BU earthquake expert says that safer infrastructure can help
prevent catastrophic destruction and quake-safe reconstruction
could save lives in the future. Around 4 am local time on Monday,
February 6, two tectonic plates slipped past each other just 12
miles below southern Turkey and northern Syria, causing a 7.8
magnitude earthquake. It was the largest earthquake to hit
Turkey in over 80 years. Then, just nine hours later,
a second quake—registered at 7.5 magnitude—struck the same region.
The double whammy of intense shaking collapsed thousands
of buildings and killed over 20,000 people, leaving behind
a humanitarian crisis in an already vulnerable area. The
epicenter of the quakes was near the city of Gaziantep, where
there are currently hundreds of thousands of Syrian refugees.
Aleppo, a city in Syria that has been destroyed by civil war,
also felt the brunt of the earthquakes.
Seismologists consider Turkey a tectonically active area, where
three tectonic plates—the Anatolia, Arabia, and Africa
plates—touch and interact with each other. The two major
fault lines surrounding it, the North Anatolian Fault and the
East Anatolian Fault—which has a slip rate of between 6 and 10
millimeters per year—are gradually squeezing the country
westward toward the Mediterranean Sea. Yet, many buildings in
the region are not built to withstand large earthquakes,
according to the US Geological Survey (USGS), making the
Two major faults, the North Anatolian Fault and the East
Anatolian Fault, are gradually squeezing Turkey westward
toward the Mediterranean Sea, putting the region at risk
for earthquakes. Courtesy of Mike Norton, Wikimedia Commons
Why were the two earthquakes so catastrophic? To put their
cascading devastation into context, The Brink spoke with
Abercrombie about why the region is at high risk for earthquakes
and what can be done to warn people about an impending shake
before it’s too late.
How do you study earthquakes?
Some scientists go out and measure how much it [a fault] slipped.
People like myself are using the seismic waves and their
frequency content, because the frequency spectrum contains
information about the area of fault that slipped. I’m really
interested in what controls an earthquake. We know earthquakes
happen mostly on the faults. But there could be a big fault that
doesn’t seem to do anything for hundreds or thousands of years.
Then suddenly, within seconds, a crack bigger than you can believe
moves at speeds of kilometers a second. How do you go from one
thing to the other?
To understand the earthquake hazard around here, for example,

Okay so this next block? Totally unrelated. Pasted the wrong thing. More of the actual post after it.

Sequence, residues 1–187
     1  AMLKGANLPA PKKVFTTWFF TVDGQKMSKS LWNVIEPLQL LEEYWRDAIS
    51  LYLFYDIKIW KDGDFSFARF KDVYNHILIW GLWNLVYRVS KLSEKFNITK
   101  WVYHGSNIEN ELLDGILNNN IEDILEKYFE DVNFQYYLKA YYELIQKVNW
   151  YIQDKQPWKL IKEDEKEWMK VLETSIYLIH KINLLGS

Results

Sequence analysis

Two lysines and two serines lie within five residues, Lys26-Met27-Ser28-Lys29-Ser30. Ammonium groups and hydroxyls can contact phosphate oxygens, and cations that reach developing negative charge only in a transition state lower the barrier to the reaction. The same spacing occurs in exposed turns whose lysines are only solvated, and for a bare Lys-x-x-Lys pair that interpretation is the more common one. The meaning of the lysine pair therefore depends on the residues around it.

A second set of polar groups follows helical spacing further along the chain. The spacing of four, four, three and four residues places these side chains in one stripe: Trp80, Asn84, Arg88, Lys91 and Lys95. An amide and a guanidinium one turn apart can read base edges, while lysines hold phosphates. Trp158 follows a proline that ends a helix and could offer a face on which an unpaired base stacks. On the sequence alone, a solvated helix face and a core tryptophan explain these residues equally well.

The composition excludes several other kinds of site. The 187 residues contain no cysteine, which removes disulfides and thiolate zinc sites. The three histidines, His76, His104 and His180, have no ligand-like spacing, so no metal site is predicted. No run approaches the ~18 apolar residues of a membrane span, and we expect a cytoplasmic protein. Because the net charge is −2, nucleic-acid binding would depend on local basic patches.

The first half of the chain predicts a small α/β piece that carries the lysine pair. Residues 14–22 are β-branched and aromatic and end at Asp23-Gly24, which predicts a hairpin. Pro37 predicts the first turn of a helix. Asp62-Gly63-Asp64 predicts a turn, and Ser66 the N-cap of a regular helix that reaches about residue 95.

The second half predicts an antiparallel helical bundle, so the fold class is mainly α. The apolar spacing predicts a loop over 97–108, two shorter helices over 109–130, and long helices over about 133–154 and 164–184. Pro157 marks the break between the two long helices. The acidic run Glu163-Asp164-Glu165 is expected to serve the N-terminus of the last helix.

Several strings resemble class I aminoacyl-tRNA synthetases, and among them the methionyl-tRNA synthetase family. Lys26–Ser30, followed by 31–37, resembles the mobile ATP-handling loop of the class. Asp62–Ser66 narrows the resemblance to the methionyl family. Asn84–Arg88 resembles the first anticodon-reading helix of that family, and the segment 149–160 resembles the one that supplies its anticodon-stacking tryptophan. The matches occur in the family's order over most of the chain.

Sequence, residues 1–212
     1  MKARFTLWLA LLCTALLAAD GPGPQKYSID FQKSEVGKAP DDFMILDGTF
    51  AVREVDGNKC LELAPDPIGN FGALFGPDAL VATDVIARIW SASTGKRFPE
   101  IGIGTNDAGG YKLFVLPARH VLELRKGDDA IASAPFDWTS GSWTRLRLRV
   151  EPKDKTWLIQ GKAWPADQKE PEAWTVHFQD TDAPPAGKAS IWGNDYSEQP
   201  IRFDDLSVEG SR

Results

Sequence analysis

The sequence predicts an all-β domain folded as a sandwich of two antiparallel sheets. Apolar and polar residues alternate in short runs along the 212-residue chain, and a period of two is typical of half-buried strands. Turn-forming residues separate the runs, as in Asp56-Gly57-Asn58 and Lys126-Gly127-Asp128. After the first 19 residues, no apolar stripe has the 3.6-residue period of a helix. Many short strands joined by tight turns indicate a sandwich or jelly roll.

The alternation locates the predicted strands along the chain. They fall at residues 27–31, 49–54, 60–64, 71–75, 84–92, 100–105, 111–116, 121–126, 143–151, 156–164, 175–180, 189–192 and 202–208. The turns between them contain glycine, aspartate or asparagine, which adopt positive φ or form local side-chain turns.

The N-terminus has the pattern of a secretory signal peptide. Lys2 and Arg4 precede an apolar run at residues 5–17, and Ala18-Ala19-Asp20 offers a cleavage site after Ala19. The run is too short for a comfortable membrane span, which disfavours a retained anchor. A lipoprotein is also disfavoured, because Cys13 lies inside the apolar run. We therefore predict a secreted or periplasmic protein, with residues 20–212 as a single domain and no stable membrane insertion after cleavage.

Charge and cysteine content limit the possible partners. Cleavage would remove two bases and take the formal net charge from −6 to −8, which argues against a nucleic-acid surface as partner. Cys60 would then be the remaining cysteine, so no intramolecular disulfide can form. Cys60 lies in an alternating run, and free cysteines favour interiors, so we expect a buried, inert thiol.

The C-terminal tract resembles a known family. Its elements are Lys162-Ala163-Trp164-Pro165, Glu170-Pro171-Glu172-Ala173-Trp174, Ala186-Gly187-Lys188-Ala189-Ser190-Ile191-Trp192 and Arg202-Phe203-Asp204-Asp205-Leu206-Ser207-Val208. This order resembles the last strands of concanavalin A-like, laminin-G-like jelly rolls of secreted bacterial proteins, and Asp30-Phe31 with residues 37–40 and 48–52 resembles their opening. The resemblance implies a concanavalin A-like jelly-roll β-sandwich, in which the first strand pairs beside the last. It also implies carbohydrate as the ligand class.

we have to look at earthquakes that happen elsewhere. Can we
take these earthquakes in Syria and Turkey and try to understand
what might happen if we had a similar-sized earthquake, which
we will, in California? I’m looking to understand how the seismic
waves propagate through the Earth, how much energy stays in them
as they travel, which is different in different parts of the Earth
because the rocks are different. The earthquake itself may be different too.
Once a place has a big earthquake, does that make it more likely to happen again?
That’s something we would like to know. In the short term,
we think it’s less likely. It’s hard to imagine how you
could have a magnitude 7.8 on that piece of fault again,
because there has to be a buildup [of stress] on the tectonic
plates for the plates to move. Since they’re only moving
at a few centimeters a year, it takes a while for that to
happen. For some bizarre reason, if there’s still some slip
waiting to happen while everything’s already shaking up,
another big earthquake could happen, but usually that doesn’t happen.
What improvements would you like to see as far as how earthquakes are handled?
We’d obviously love to be able to predict earthquakes.
As I said, I’m a bit skeptical because you’d still be
left with the destruction. Currently, earthquake scientists
are working to better their hazard forecasting to prepare
people for earthquakes. There’s also lots of work being
done in laboratories. Another area of research is improving
hazard maps to make them more dynamic, but that is more for
the long term so we can see changes with time. At the opposite
end of the scale, is earthquake early warning. It’s working
in California, Oregon, and Washington, and various other parts
of the world. Anyone can get an app on their phone so when an
earthquake happens, and the seismometers start to move, they
get an alert at speeds faster than the seismic waves travel.
This can be very useful to massively minimize damages—it
enables emergency services to be prepared and people can
turn off their gas tanks, turn off the water, and “drop,
cover and hold.” The BART [transit system] in Northern
California is using that, so as soon as they get an alert,
all the trains stop.
Provided by the IKCEST Disaster Risk Reduction Knowledge Service System